The Owl of Minerva

Volume 47, Issue 1/2, 2015/2016

David Ciavatta
Pages 69-108

Hegel on the Parallels between Action and the Ontology of Life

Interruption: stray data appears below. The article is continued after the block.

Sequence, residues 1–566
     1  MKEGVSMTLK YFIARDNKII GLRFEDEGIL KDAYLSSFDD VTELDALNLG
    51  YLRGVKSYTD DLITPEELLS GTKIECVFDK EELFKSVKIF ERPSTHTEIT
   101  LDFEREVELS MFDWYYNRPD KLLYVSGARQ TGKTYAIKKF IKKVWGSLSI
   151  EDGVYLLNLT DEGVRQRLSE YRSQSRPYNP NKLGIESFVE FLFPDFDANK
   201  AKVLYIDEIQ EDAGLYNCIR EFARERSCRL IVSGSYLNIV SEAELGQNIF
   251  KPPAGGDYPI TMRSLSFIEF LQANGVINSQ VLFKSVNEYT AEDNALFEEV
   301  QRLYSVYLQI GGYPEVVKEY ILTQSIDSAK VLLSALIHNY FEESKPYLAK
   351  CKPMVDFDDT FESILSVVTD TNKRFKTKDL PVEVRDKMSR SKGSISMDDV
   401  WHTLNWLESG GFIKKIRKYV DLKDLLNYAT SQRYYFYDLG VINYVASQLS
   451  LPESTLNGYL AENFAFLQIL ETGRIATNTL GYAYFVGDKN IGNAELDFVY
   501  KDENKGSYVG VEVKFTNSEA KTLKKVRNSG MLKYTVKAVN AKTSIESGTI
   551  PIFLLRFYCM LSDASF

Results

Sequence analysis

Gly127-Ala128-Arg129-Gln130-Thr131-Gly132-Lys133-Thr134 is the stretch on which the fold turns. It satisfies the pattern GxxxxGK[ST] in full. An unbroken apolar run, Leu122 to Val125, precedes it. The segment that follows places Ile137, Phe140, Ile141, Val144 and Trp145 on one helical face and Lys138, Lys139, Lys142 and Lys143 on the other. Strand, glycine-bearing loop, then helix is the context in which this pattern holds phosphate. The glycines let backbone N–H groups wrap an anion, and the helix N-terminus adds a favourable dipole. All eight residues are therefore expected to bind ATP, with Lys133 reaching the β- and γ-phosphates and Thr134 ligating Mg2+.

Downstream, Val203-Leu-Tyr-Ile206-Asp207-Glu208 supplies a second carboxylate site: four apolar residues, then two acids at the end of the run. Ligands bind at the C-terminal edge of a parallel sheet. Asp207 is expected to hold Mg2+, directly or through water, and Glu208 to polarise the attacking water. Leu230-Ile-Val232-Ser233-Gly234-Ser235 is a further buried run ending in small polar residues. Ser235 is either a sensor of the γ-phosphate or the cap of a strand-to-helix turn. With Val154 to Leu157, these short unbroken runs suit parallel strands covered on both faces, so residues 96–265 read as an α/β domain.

This paper shows that Hegel’s ontology of living beings provides us with indispensable conceptual resources for making sense of his account of the ontology of human action. For Hegel, living bodies are ontologically distinct in that their objective presence is thoroughly permeated by the self-reflexivity characteristic of subjectivity, and as such they cannot be adequately conceived in terms of categories (mechanistic, chemical, or generally causal categories) that are appropriate to inanimate, “subject-less” objects. It is argued that actions are similar in this regard, and like organic bodies they need to be conceived as self-realizing, self-articulating, dynamic wholes whose various material parts cannot be thought independently of their internal relations and their place in the whole. It is argued, further, that the categories Hegel appeals to in conceiving how organisms develop through stages are useful for making sense of how the objective shape of an action unfolds over time.